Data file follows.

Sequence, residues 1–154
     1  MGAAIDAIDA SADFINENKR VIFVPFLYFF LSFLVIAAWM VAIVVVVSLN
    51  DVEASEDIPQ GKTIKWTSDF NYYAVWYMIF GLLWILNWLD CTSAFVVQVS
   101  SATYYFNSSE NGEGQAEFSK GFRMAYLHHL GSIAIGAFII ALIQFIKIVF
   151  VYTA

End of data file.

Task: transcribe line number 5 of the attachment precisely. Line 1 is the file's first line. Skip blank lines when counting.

   151  VYTA